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Visualising the Value Gap

Bob Apollo | Jun 18, 2017 40 views No Comments

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Large and Growing Value Gap.pngOne of the key principles of value selling is that unless and until our customer acknowledges a problem that requires action, there have no need to invest in a solution and there can be no potential sale.

But not all problems are equal. The issue could be trivial, significant or critical. The value gap between the prospect’s current situation and their desired future state could be insignificant or so large that action is inevitable.

It’s down to our sales people to help our customer to acknowledge the value gap and either amplify it to the point where they conclude that they simply have to do something or – if we can’t – to accept that they will probably decide to stick with the status quo.



But how can we best guide our customer in first acknowledging and then amplifying the gap between where they are today and where they need to be in the future? In collaboration with our clients, we’ve developed a simple visual tool that I hope you might also find useful…

Let’s first acknowledge that the size and nature of the value gap is a powerful indicator of the likelihood of action. Small and stable value gaps are much less likely to drive action than large and growing value gaps.

Sizing the Value Gap.png

HIGH LEVEL DRIVERS

There are four high-level factors that can drive the value gap: the need to reduce business risk, the need to reduce costs, the need to increase revenues and/or the need to achieve certain strategic goals. If none of these are at play, the need to change is likely to be weak.

Amplifying the Value Gap.png

VISUALISING THE VALUE GAP

So how can we help our customers to not only recognise the compelling need for change, but also guide them to the conclusion that our approach is the one most likely to enable them to achieve their desired future state?

Our visual approach to defining the value gap involves six interlocking elements:

Defining the Value Gap.png

The first two elements of the value gap – the “bread in the sandwich” – are their current situation and their desired future state. We need to help them to simply and succinctly articulate:

[1] THEIR CURRENT SITUATION: briefly summarise where the prospect is today, including the most obvious negative consequences associated with sticking with the status quo

[2] THEIR DESIRED FUTURE STATE: briefly summarise what the prospect has decided they need to achieve, including the key positive outcomes that they can expect from making the change

Then we need to progressively work through the key components of the value gap – the “meat in the sandwich”:

[3] KEY SYMPTOMS: What are the typical symptoms, risks and consequences of the prospect choosing to stick with the status quo?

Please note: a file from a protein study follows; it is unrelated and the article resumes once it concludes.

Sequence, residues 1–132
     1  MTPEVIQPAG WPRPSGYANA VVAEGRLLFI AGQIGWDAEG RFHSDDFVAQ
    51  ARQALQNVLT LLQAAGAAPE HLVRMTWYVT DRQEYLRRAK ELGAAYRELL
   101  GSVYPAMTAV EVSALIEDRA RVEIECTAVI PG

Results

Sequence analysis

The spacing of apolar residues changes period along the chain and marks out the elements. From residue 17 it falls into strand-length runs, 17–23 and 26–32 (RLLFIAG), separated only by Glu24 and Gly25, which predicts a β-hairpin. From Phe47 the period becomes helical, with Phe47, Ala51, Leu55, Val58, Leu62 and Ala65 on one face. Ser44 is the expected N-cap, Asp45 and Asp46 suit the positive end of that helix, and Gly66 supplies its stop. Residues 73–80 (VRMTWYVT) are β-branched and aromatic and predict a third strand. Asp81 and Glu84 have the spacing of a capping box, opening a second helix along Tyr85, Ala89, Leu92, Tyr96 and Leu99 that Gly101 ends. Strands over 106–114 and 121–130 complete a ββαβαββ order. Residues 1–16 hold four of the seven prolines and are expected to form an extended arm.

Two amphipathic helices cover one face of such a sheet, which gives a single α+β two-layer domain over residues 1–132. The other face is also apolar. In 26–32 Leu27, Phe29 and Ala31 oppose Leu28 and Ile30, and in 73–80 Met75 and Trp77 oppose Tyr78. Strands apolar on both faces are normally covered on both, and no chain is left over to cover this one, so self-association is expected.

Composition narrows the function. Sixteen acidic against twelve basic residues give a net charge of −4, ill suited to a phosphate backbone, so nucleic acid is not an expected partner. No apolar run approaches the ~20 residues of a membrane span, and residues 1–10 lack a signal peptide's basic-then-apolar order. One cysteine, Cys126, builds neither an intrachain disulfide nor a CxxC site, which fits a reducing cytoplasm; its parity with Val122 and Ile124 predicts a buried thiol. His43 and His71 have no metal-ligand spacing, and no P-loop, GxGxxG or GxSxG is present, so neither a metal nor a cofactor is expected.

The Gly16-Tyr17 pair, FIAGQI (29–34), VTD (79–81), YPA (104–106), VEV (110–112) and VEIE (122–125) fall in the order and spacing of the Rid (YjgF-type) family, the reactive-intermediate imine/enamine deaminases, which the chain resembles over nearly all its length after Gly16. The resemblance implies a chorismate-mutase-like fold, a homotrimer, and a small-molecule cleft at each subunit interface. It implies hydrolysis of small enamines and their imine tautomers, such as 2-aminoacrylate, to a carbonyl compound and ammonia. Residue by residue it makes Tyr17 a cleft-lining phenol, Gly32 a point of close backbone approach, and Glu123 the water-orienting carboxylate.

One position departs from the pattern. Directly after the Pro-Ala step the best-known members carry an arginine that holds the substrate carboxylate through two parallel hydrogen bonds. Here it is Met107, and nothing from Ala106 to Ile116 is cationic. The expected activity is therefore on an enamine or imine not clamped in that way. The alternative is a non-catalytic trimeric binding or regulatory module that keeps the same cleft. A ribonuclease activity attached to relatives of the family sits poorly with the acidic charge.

[4] SIGNIFICANT ANCHORS: What are the constraints or impediments that are stopping or could stop them from making the necessary changes?

[5] KEY ENABLERS: What key capabilities can we offer that will allow the prospect to eliminate the anchors and achieve their desired future state?

[6] SIGNIFICANT OUTCOMES: What are the significant benefits that the prospect can expect to achieve as a result of achieving their desired future state?

There’s a loose sequence in which these elements are best established indicated by the numbers above, but developing the value gap tends to be an iterative process that cycles around the various elements until a coherent picture emerges.

Summarising the entire value gap in a single slide can be a tremendously powerful way of helping your customer to clearly visualise the reason to take action – and why they should adopt your approach to achieving the necessary change – supported, of course, by greater detail where necessary.

I’ve found this approach tremendously powerful in qualifying opportunities, accelerating the progress of deals and reducing the risk that the prospect will at the need of the day decide to “do nothing”.

The approach is probably overkill in simple transactional sales, but in any complex B2B sales situation involving multiple stakeholders and conflicting priorities, the time required to do this – less than you would think, once your sales people become practised at it – is more than justified in terms of improved performance.

By the way, we’ve developed a bunch of customer-validated questions that help sales people to explore and develop each of the six elements. Drop me a line if you’d like to learn more about this or any other aspect of Value Selling.

Have you had any similar experiences of using “value gap” thinking to increase sales effectiveness?

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Republished with author's permission from original post.


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